A golfing enthusiast, George is a former president and director of Tampa Bay’s Belleair Country Club, which he proudly proclaims is among the best in the state.

Commenting on the public policy issues he considers most critical, George expresses concern that the next presidential administration may push to increase taxes on the “wealthy." He asks rhetorically: “Who provides the money that fuels industry and creates jobs? It’s the people who have saved money over and above their needs.” George contends that heavily taxing those with disposable income could slow economic growth. He also asserts, “We just need to get our spending under control, especially the elimination of pork-barrel spending which is costing us billions of dollars each year.”

When asked why he chose to be affiliated with CAGW, George speaks of his respect for Senator John McCain (R-Ariz.), a member of CAGW’s Board of Governors. George notes that while CAGW’s waste-fighting work is far from done, the organization has helped achieve savings for taxpayers - $898 billion worth by CAGW’s estimate - that otherwise would not have been accomplished.

One who values humor in life, George gleefully recounts a confrontation with, of all people, the imposing Hulk Hogan, the former world heavyweight professional wrestling champion and one of George’s neighbors. George was serving as a member of the Code Enforcement Board, which oversees planning and development in Belleair, a small bedroom community of Clearwater, when the “Hulk” came before the board in response to a complaint over his pet rooster, Lilly, who was disturbing residents with his morning crowing. As it turns out, the Hulk owned 11 animals, more than twice the city limit of five. After a heated exchange between the wrestling champ and the former World War II Naval officer, the board imposed a fine for every day the Hulk was in violation of the limit. Ultimately, after the matter wound up in Circuit Court, the Hulk and the town of Belleair reached a compromise: He could keep Lilly, under the condition that he cull the rest of his flock down to five, and Lilly received a special permit to be identified as an actor, rather than an animal.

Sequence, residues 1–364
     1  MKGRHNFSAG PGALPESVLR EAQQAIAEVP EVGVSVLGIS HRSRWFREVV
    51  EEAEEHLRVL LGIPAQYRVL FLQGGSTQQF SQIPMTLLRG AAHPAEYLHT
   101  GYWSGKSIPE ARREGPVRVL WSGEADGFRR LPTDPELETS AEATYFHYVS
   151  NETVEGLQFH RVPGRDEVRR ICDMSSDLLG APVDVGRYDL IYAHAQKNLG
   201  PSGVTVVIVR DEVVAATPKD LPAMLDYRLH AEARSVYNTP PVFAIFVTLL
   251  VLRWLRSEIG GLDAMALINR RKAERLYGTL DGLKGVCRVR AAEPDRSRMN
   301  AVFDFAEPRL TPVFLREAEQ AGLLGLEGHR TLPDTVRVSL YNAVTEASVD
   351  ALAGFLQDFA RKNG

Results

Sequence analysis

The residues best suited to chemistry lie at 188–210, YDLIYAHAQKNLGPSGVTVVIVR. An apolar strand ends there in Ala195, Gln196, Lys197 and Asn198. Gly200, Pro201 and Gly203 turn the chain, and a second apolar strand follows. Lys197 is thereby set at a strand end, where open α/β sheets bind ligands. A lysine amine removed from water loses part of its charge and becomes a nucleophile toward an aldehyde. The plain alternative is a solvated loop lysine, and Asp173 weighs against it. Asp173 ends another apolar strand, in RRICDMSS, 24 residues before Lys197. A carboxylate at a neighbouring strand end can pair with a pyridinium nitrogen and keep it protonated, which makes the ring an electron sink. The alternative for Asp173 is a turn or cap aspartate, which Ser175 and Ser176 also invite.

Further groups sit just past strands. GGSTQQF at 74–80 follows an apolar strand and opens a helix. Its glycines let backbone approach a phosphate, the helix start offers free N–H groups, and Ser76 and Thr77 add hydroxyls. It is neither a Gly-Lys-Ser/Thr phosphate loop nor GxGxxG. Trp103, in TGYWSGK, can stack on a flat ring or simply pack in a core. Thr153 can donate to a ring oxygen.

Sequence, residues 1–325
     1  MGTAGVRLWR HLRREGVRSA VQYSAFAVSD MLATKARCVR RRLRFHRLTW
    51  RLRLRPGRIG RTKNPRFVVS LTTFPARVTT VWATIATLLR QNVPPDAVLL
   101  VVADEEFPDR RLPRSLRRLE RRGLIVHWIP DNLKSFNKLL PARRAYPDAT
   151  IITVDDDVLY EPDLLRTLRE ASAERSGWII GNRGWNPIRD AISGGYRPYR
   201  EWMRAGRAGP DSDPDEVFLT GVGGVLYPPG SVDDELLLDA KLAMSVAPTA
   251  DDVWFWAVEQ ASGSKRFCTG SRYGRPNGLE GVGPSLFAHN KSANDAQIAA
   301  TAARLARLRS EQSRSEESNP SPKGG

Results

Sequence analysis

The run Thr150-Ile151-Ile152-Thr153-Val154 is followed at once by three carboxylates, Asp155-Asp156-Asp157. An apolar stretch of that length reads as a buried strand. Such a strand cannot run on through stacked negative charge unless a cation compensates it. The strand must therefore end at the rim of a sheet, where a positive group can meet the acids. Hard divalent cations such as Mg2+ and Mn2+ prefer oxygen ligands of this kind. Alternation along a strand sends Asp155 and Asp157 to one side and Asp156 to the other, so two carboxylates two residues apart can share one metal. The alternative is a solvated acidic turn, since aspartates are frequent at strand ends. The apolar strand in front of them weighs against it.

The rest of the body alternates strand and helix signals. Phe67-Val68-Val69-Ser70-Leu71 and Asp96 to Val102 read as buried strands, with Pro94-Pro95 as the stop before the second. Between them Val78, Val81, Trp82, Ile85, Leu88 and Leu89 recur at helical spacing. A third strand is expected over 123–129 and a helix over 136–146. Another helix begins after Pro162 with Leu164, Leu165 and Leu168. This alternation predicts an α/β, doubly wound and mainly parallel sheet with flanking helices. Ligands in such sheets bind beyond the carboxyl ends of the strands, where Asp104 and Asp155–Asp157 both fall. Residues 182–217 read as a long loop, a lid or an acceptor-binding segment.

Having joined CAGW in 1990, when the organization’s membership was less than a third of what it is today, George has helped build CAGW from the foundation up, just like his condominium developments on Florida’s west coast. CAGW would not have achieved its national prominence in the debate over spending and taxes without the steadfast loyalty and support of George and the many other President’s Club members who are working with us to keep America on sound financial footing.